Simon Moves On

Jim Simon at the Library of Alexandria, Egypt

One indulgent use of a personal blog is to drop a nod in the direction of a salutary individual, and I’d like to do so for my departing boss, Jim Simon.

Jim has been the founding Director of the Microsoft Institute since 2004, when Bill Gates and Craig Mundie personally decided to establish a small outfit to use the benefits of Microsoft’s advanced research and development activities against intractable problems for the global public sector. They had been talking with Jim for several years, back when he was a senior executive at the Central Intelligence Agency and after, to understand how to improve government’s adoption of modern technologies.

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Cruise Missiles and Yemeni Neighborhoods

“The US is planning retaliatory strikes in Yemen against al-Qaida over its attempt to blow up a transatlantic flight on Christmas Day.  American officials […] warn that finding those responsible is unlikely to be swift and say that identifying other ‘high-value’ al-Qaida targets for retaliatory attack would also be a priority.” – The Guardian (U.K.), 12/30/2009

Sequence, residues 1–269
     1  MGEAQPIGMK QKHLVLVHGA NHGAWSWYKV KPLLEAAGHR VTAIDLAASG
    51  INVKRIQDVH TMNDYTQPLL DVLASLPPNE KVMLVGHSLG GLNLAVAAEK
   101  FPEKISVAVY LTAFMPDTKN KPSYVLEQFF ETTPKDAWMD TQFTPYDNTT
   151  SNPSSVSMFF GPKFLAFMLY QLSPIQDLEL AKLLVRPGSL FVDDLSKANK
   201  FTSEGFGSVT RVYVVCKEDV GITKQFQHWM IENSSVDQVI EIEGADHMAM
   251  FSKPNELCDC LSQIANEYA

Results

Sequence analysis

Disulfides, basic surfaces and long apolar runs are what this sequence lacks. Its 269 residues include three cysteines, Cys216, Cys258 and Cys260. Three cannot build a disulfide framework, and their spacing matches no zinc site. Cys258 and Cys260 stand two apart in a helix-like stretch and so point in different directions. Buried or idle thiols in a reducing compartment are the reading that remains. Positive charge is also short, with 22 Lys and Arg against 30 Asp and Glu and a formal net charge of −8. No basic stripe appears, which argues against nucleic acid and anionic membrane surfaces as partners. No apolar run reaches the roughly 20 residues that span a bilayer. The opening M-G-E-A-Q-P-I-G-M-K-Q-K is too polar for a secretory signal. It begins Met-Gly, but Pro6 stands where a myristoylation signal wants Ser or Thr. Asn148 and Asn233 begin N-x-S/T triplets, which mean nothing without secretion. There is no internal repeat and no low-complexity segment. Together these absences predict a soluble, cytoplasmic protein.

As U.S. officials are quoted mulling cruise-missile strikes on Yemen, it should be noted that the Yemeni government, such as it is, has already been fighting the hard slog – on the ground, rooting out Al Qaeda in Yemeni neighborhoods and villages.

Below is an interesting 7 minutes of film fresh from Yemen,  just posted to youTube today:  a moment-by-moment video documenting the Arhab raid by the Yemeni Counter-Terrorist Unit (CTU) on an Al-Qaeda-in-the-Arabian-Peninsula (AQAP) safe-house, on 17 December, the same day as a coordinated U.S. cruise missile attack on another site.